Most blue flowers are blushed with purple to some degree. Except for lily of the Nile, true blue flowers are quite uncommon. Even with their yellow centers, the tiny daisy flowers of blue marguerite, Felicia amelloides, seem to be too blue to be real. They are almost expected to fade to lavender. Bloom may not be as full as it was a month ago, but continues as long as the weather is warm.
Mature plants are usually less than a foot and a half tall, and not much wider, with a symmetrically rounded form. The branches are rather fragile, and can be broken by something as trivial as a clumsy cat. They really are not strong enough for bouncy dogs or children. Yet, their tiny oval leaves are just raspy enough to deter deer. Unfortunately, blue marguerite plants live only a few years.
When first created by Chrysler, the Imperial was considered to be so close to perfection that fancy colors were unnecessary. It was originally only available in black or white, and later red, like the Chrysler Imperial rose that was named for it. It took a while for other colors to become available. Perhaps perfection is the same reason why nierembergia is only blue or white, or maybe purple.
Nierembergia is most popularly grown as a warm season annual for color from the middle of summer to autumn. It can get half a foot high and a foot wide. As a perennial, it has the potential to get twice as high and wide after its first year, but it lasts only a few years, and looks rather shabby through cool winter weather. The small flowers are evenly dispersed over the finely textured foliage, lacking only on the shaded sides of the densely rounded plants.
Because it gets a bit deeper than most other annuals, nierembergia is a nice transitional plant between lower annuals that might cascade over the edge of a planter in front, and higher or more upright perennials or shrubbery that might obscure a foundation behind. It can work alone too, but does not cascade from planters, big pots or hanging baskets.
This one is no fun to handle. It is just as prickly as it looks. Yet, it is the spiny foliage and blooms that make ‘Big Blue’ sea holly, Eryngium X zabelii ‘Big Blue’, so appealing. The knobby blue thistle flowers are centered on prominently flaring grayish blue bracts that look like metallic snowflakes. The intricately lobed grayish foliage contrasts splendidly with just about any darker green foliage.
Bloom begins with summer and continues almost to autumn. The first flowers are solitary on strong stems. As they fade, sideshoots from these original stems continue to bloom with smaller but more abundant flowers. They are excellent cut flowers, fresh or dried. However, cutting the first solitary flowers with long stems removes some of the sideshoots that would otherwise bloom later.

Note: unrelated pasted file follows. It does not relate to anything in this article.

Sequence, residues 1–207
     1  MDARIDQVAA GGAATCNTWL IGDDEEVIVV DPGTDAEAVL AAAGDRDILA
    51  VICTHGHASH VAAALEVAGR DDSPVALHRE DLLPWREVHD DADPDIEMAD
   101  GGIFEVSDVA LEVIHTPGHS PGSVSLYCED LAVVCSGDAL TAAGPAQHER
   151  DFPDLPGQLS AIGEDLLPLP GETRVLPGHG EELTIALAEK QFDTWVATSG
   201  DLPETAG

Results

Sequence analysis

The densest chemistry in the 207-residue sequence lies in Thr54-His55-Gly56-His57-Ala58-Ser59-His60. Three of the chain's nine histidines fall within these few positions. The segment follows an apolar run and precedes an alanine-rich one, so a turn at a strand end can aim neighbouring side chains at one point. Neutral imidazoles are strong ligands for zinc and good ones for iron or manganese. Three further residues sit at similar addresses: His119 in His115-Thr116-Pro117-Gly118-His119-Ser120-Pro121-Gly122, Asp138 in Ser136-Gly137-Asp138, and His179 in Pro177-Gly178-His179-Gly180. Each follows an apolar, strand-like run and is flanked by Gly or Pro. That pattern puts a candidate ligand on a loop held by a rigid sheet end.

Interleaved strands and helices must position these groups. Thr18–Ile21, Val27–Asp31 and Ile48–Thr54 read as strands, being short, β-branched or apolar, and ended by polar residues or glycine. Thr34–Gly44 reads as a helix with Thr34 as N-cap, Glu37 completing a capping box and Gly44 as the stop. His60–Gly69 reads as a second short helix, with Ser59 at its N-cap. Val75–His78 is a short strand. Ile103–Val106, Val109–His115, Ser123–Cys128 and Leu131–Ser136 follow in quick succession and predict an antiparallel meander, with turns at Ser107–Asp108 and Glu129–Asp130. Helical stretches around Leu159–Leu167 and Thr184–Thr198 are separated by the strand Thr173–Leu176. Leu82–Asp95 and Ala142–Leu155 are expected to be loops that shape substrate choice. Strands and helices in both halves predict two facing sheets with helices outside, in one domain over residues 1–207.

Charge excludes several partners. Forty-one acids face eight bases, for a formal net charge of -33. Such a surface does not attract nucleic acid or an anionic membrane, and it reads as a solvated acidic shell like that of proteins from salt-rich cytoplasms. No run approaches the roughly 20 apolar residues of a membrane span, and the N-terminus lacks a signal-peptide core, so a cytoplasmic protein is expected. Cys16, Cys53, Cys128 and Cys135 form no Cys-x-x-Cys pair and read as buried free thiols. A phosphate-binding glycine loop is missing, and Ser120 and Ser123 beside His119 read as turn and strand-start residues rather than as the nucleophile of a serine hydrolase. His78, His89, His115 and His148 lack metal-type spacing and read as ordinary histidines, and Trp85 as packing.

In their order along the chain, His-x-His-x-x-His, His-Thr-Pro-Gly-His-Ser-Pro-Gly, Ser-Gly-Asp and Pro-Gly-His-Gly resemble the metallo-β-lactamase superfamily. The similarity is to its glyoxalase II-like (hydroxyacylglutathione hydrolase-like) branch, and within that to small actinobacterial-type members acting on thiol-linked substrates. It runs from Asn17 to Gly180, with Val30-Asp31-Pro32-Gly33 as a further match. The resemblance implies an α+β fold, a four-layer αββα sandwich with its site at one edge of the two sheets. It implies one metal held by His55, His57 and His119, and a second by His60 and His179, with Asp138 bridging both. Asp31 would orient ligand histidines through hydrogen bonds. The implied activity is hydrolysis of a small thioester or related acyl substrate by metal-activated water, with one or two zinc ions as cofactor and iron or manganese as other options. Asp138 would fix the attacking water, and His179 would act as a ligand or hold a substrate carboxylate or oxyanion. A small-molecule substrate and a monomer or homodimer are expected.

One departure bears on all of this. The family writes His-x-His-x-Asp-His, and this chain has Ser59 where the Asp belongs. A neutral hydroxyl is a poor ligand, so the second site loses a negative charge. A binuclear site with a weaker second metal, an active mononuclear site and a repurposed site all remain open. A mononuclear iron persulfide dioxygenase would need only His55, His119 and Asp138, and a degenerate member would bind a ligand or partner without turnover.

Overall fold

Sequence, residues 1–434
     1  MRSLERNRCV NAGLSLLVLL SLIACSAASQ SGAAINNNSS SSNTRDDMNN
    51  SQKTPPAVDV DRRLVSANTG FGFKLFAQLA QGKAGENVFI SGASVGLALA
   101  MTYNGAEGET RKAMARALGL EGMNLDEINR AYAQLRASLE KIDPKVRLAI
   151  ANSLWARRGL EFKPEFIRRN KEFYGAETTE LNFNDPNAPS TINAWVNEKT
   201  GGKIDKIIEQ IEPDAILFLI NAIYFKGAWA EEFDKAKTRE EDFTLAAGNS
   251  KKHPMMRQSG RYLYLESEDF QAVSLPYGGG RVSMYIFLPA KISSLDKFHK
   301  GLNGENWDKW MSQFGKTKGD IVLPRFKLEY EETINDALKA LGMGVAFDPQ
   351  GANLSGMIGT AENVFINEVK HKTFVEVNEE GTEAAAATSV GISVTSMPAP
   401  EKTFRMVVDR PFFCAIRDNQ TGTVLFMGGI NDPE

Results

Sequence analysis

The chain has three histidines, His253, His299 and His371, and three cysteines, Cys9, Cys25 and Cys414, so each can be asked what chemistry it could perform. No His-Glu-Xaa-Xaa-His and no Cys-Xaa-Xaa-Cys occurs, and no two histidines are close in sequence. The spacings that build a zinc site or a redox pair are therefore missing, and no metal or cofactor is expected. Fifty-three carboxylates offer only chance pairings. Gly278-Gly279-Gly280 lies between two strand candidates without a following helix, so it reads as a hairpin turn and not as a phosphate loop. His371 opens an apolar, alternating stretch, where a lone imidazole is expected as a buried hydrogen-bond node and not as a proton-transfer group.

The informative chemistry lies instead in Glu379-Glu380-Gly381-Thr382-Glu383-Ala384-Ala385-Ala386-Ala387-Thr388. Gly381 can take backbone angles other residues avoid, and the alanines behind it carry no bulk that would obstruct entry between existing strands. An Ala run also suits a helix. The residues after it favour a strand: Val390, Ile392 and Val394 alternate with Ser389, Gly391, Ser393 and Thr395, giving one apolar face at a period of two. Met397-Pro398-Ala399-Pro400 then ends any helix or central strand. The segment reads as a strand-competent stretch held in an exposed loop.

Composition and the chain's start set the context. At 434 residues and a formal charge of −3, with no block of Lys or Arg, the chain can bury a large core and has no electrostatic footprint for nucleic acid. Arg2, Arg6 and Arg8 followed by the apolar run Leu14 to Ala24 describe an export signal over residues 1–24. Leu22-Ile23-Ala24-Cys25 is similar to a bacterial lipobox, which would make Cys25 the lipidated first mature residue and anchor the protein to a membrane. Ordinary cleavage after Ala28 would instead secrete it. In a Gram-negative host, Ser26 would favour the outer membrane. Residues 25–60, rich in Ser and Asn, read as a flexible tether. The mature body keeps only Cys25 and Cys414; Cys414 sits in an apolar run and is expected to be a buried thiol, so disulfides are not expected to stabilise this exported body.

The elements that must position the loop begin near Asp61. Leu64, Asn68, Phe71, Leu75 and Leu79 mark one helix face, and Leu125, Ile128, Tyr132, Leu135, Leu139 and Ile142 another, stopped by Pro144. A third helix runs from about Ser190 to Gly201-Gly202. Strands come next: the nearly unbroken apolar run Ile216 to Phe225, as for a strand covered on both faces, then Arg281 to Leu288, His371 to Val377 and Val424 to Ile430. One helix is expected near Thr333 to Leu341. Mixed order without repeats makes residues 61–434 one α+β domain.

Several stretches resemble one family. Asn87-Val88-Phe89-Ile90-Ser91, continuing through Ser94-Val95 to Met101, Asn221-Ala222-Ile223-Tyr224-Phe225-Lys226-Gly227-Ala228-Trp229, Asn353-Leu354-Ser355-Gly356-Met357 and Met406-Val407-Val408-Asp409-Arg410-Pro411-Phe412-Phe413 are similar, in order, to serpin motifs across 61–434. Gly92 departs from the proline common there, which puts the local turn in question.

Mature plants can get three feet tall and half as wide. Shade, even part shade, causes irregular growth that can be quite weedy. Although perennial, ‘Big Blue’ sea holly might live only a few years.
Contrary to the appearance of the bristly thistle like foliage and flowers, sea holly is in the Umbelliferae family, which means that it is more closely related to celery and carrot than it is to artichoke!
The delightfully clear sky blue flowers of blue plumbago, Plumbago auriculata, seem like they belong with colorful annuals or in a tailored border of colorfully blooming perennials. However, the rampant canes of mature plants are really best in the background where they have room to grow wild. The canes do not climb like vines, but can flop over other shrubbery as high as fifteen feet.
Rounded trusses of small blue flowers begin to bloom sporadically by the end of spring, and continue to bloom in phases until late summer. Supposedly, each subsequent phase should be a bit more profuse than the previous; but not all plants are aware of this. They might bloom best in mid summer, and less profusely later. ‘Alba’ blooms white. Pale foliage indicates a need for fertilizer.
Blue plumbago is not as easy to work with as it seems to be. Once established, it can grow like a weed, and really seems to take care of itself, and it is probably better to allow it to do so. It does not like to be shorn into hedges or geometric shapes as it so often is. Shearing ruins the natural form, eliminates most of the outer canes that provide bloom, and exposes sparse interior growth.
Most of the brachyscome found in nurseries nowadays are the annual Brachyscome iberidifolia. Perennial species are rare. The name is still often spelled as ‘brachycome’, without the ‘s’, as it had been spelled for decades. Although it is a warm season annual, brachyscome is also popular now because it can bloom better through the locally mild winters than the warmth of mid summer.
The blue, lavender, pink, yellow or pale white flowers are like tiny aster flowers. The finely textured foliage forms soft mounds about a foot deep, or mixes nicely with sturdier plants. Brachyscome might work better as a component to urns of mixed annuals rather than as a uniform bedding plant. It likes full sun exposure, but tolerates a bit of shade. Deadheading promotes continued bloom.
Like euryops daisy, sweet pea shrub and New Zealand tea tree, the blue hibiscus, Alyogyne huegelii, blooms whenever it wants to, even if it wants to bloom sporadically through winter. It should bloom more abundantly in phases though spring and summer, but even that is difficult to predict. The three inch wide flowers are lavender blue, but can be rich purple or white. Pink is very rare.
Young plants can grow quickly but sparsely. Lanky stems can be tip pruned after a spring bloom phase to promote branching and improve density. Growth slows with maturity. Plants can get five feet high and wide in their second year, but might never reach the eaves. They like full sun and shelter from wind, but should not mind a bit of shade. Established plants do not need much water.